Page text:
Vaping marijuana has been linked to more symptoms of lung damage than vaping or smoking nicotine, as pointed out by a University of Michigan study. This raises concerns, especially considering the popularity of vaping among youth. Vaping marijuana may appeal to this demographic due to its perceived safety compared to traditional smoking methods and its less noticeable odor.
However, experts like Dr. Boyd emphasize the risks associated with vaping marijuana. “In short, it is all bad, but if you also vape cannabis, you have a greater number of unhealthy respiratory symptoms than if you just smoke cigarettes or marijuana or vape e-cigarettes,” Boyd stated. While it’s clear that cigarettes and e-cigarettes are not beneficial for lung health, vaping marijuana seems to pose even greater risks.
For safer cannabis consumption, Harvard Health advises against smoking cannabis, which can inflame the lungs. They suggest alternatives like under-the-tongue tinctures, edibles, topical products, or dry herb vaporizers. Furthermore, if smoking cannabis is the chosen method, it should not be held in the lungs for more than a second or two, as this does not enhance the effect but rather irritates the lungs.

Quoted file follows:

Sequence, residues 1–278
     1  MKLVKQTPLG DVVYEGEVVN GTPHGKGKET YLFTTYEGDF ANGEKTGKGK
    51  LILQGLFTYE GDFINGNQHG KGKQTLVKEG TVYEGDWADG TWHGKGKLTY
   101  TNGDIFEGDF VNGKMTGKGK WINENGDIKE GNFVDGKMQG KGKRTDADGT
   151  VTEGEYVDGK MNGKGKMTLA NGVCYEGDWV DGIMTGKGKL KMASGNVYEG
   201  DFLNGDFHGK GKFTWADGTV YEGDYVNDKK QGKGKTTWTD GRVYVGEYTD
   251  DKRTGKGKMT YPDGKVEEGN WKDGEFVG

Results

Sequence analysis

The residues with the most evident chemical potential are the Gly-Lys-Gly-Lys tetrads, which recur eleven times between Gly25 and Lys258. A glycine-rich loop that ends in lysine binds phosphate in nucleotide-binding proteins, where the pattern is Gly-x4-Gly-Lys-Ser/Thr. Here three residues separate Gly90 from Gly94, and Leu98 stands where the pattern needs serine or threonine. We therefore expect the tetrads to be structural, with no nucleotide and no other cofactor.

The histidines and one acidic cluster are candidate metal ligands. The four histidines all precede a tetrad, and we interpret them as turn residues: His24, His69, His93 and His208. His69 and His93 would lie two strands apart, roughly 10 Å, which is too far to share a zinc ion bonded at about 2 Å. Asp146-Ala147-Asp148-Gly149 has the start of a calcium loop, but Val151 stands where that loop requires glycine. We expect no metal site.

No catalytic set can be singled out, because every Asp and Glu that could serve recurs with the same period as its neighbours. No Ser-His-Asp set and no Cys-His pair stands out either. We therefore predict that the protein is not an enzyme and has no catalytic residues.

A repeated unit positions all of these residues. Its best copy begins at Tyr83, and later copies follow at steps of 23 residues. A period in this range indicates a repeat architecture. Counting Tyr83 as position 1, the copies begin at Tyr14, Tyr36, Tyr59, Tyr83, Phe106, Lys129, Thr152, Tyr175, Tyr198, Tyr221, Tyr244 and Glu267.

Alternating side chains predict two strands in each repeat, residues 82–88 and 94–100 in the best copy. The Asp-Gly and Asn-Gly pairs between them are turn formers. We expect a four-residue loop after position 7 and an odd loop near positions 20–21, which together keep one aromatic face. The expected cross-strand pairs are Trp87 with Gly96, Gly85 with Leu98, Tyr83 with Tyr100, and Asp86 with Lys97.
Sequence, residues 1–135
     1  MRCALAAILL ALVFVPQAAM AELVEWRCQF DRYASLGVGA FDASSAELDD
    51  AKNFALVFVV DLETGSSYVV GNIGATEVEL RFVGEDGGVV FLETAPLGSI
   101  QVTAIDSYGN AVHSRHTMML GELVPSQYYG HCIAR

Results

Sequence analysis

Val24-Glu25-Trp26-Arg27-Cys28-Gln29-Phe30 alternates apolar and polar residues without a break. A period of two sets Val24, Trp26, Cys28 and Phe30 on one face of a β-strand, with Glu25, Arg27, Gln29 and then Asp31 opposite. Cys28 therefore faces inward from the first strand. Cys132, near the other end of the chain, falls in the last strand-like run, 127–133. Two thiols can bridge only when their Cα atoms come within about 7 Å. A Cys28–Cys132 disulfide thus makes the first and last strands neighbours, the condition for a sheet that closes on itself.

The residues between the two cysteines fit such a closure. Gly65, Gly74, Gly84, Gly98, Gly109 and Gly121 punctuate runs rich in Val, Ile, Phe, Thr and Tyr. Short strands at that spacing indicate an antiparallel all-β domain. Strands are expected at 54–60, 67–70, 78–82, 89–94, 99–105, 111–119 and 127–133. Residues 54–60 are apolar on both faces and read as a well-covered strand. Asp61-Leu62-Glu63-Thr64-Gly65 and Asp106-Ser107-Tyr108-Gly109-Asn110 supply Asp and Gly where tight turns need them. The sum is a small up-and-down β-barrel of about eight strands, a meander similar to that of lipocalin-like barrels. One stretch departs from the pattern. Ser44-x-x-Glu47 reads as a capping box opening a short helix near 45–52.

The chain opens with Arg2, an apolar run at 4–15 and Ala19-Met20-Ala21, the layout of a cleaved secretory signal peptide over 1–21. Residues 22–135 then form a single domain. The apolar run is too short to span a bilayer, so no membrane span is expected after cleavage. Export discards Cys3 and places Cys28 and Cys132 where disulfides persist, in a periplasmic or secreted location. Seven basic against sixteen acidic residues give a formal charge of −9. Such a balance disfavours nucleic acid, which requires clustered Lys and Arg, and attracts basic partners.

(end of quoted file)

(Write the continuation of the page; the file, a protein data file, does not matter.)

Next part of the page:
Besides respiratory issues, marijuana use has heart-related risks. It can cause the heart to beat faster and increase blood pressure, which is particularly dangerous for those with heart disease. Research indicates that the risk of heart attack is significantly higher in the hour after smoking marijuana. Other studies have found a link between marijuana use and atrial fibrillation, as highlighted by Harvard Health.
Interestingly, a Stanford study found a correlation between marijuana use and heart-attack risk, suggesting that a molecule in soybeans may counteract these effects. This comparison of marijuana legalization to vaping, which was initially marketed as a safe smoking cessation method but later linked to lung damage, underscores the evolving understanding of these substances’ impacts on health.
Moreover, both e-cigarettes and marijuana share similar harmful effects on the heart as tobacco cigarettes. According to a study published in the journal Heart Rhythm by researchers at UC San Francisco, these substances can lead to abnormal heart rhythms, reinforcing the idea that they are harmful to heart health.
In conclusion, while it might be tempting to view vaping marijuana as a safer alternative to traditional smoking methods, current research suggests that it may actually be more harmful, particularly to the lungs and heart. It’s crucial to weigh these risks when considering marijuana use, especially in forms like vaping that might seem less harmful at first glance.